Milde Scale 1 went well this time. Really well in fact, I think better than I've ever played it in practice. It got so I was nervous about ruining the streak of smooth notes, and messed up from losing focus. I'd done lots of practicing, missing only one day, and I'd played twice yesterday and also twice today, before my lesson. It doesn't seem like things improve, but I guess they do. I was going to ask about the finger movement thing, but it didn't happen, so
Still complaints about tone in upper register, despite my work in that direction. Especially A4 and up. Lips firm against teeth but as loose as possible against the reed mute the reed less apparently, if that doesn't sound too contradictory. All support from the air, very fast air. No biting or anything like that of course. G4 is a good note to start on, since it's easy to get a good tone there, and then work up. Thin and dead is what I'm trying to avoid.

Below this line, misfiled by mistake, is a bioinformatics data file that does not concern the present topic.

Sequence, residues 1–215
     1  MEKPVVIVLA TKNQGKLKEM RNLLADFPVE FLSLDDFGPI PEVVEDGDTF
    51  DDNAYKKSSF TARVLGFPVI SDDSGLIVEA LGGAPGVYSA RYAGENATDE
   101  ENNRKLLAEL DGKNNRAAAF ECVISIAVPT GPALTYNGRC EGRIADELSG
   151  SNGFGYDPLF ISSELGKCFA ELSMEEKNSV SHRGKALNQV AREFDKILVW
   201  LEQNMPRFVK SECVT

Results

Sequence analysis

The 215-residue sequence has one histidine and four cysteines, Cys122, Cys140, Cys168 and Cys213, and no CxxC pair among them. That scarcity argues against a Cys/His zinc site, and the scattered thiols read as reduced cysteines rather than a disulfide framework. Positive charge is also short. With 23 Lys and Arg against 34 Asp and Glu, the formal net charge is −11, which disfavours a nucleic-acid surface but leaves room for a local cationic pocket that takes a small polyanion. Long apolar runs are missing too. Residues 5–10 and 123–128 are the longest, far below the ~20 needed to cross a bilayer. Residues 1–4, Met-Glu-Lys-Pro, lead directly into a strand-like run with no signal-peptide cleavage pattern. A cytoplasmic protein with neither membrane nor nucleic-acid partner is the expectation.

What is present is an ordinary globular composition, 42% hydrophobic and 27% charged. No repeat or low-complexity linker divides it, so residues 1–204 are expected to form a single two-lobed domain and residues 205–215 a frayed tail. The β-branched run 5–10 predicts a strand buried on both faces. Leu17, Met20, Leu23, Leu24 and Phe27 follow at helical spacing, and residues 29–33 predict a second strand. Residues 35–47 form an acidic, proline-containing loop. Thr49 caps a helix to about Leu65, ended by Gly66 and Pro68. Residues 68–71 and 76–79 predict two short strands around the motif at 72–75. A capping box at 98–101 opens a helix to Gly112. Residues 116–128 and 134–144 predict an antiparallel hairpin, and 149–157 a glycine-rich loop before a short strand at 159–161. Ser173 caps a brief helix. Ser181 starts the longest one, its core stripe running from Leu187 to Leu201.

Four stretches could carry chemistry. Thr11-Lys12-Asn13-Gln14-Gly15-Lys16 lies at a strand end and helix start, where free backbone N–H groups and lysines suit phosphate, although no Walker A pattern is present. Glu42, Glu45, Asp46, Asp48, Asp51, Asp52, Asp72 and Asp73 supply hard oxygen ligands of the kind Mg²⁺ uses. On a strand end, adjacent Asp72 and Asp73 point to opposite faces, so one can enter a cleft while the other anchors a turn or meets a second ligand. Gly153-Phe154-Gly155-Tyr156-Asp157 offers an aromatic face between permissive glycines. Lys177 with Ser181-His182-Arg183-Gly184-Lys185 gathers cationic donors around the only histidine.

Elgar: very long lines, look for the dissonant downbeats->resolve figures (appogiatura). It's all very exposed, so every aspect of every note counts. I think this is the first piece I've played which has been hard due to phrasing, rather than just notes.
Scales: just keep the ones I'm working on, C F G D, their relative melodic minors, and arpeggios, maybe slowly work up speed. I played them at 60 in the lesson, which felt comfortable, though I've also been working them slower in practice, eg 53.
Bocals: I played on a new-to-me bocal, a CD1 I got off of eBay. It feels different than my other one, thinner and more metallic somehow. Probably no audible difference to an external listener, but it feels quite different anyway. For reed, I played on G5. I formed a bunch of tubes before I went on vacation, and really need to start finishing some of those reeds.